Bhagavada Gita in the Mahabharata

The Bhagavada Gita, translated to Song Celestial is perhaps the most important Hindu religious text, and it is narrated to Arjuna by Krishna just before the Mahabharata war begins. This dialogue is witnessed by Sanjaya through his divine sight, and it is through him that we witness the Gita.

This chapter in the Mahabharata is called the Bhagavada Gita Parva, and contains 994 shlokas (not all of them part of the Bhagavada Gita itself). For the Mahabharata, this is not a chapter of great size, because the next chapter — Bhishma Vadha Parva has 3,947 shlokas.

However, the Gita has 634 footnotes because a single word like for instance smriti can have a lot of meaning behind it which has been explained as footnotes. Dr. Debroy has also used the footnotes to point out certain difficulties in translating specific words, and confusing passages as well as passages that seem to have been added later because they don’t go along with the main theme.

In general, I’ve been doing a synopsis of stories that I found interesting, but this is not a synopsis because that is perhaps an errand that requires many hours of study, and an understanding that I don’t possess.

Instead, I’m just presenting a few passages that I found interesting because I didn’t want to skip the Gita altogether since it is such an important part of the Mahabharata.

The Kaurava army is much larger than the Pandava army because the Kauravas have 11 Akshauhinis while the Pandavas only have 7 Akshauhinis, and Yudhishthara seeks reassurance from Arjuna that they can still win the war despite the smaller army.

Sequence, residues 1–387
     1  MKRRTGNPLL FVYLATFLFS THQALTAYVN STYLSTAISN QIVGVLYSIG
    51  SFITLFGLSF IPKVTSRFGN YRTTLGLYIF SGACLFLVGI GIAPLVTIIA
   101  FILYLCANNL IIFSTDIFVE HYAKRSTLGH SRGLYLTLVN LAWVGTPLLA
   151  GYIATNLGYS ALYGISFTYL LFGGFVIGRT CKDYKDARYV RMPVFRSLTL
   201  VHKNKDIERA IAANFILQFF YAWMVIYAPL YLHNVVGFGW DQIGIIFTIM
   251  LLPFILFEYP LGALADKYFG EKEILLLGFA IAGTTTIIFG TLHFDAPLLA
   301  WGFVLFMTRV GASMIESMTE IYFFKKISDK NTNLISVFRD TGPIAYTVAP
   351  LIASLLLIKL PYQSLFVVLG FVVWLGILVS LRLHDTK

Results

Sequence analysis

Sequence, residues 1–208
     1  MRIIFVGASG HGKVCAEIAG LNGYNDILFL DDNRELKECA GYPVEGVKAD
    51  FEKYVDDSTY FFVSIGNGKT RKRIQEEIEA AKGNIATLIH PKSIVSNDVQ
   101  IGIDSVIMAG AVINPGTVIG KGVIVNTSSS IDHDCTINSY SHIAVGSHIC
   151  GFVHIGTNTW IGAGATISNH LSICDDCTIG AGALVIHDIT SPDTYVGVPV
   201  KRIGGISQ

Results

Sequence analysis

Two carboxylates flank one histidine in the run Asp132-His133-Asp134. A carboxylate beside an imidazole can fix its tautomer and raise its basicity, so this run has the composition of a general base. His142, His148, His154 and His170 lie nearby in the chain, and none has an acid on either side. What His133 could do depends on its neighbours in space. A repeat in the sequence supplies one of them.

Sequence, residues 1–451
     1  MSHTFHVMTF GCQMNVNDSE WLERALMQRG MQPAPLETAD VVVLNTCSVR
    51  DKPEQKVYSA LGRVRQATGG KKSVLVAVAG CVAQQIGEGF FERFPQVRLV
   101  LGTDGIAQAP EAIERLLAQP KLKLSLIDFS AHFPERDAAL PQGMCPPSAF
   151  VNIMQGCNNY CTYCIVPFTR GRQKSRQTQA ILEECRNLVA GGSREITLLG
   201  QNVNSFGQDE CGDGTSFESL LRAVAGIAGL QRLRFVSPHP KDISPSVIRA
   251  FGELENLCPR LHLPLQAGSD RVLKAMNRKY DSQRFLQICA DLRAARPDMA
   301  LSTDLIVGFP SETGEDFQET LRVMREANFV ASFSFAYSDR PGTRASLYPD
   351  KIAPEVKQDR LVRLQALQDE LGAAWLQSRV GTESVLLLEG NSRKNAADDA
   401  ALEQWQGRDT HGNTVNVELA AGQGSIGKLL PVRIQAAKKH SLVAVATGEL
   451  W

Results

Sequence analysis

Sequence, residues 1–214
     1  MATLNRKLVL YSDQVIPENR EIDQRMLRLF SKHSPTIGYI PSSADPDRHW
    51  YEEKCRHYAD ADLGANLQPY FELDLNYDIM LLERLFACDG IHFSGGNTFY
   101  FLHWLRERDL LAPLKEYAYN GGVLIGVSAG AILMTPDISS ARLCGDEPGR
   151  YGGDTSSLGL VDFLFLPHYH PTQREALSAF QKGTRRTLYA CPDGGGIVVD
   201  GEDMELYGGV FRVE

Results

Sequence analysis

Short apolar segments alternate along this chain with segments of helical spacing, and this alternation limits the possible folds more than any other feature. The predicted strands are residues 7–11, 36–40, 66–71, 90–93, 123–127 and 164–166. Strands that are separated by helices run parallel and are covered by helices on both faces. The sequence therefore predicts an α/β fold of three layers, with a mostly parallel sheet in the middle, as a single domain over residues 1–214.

Arjuna reassures him and is confident that they can win the war, and tells his charioteer Lord Krishna to place his chariot between the two armies so he can take a better look at the Kaurava army.

But when Arjuna’s chariot is placed in between the two armies, he is overcome with grief at the thought that he will have to kill all his ancestors, teachers, cousins, and friends in this war, and he drops his weapons telling Krishna that this will be a great sin, and a kingdom won in this fashion is not worth winning at all.

On the Soul

This is really the beginning of Bhagavada Gita as Lord Krishna now begins talking to Arjuna.

The first thing he says to him is the indestructibility of the soul. He tells Arjuna that the soul can neither be created, nor be destroyed, it has always existed, and will always continue to exist. Knowing this you should understand that you can neither slay, nor can you be slain. The person who is not affected by this, and looks at happiness and unhappiness equally attains the right to immortality.

On Dharma

Next Krishna tells Arjuna about following one’s natural dharma, and tells him that since Arjuna is a kshatriya, his natural dharma is to fight, and he should rejoice at the prospect of this war. If he dies in the war then he will attain heaven, and if he wins then he will enjoy the earth.

This is the part where perhaps the most famous parts of the Bhagavada Gita are mentioned. Relevant  shloka, translation, and passage: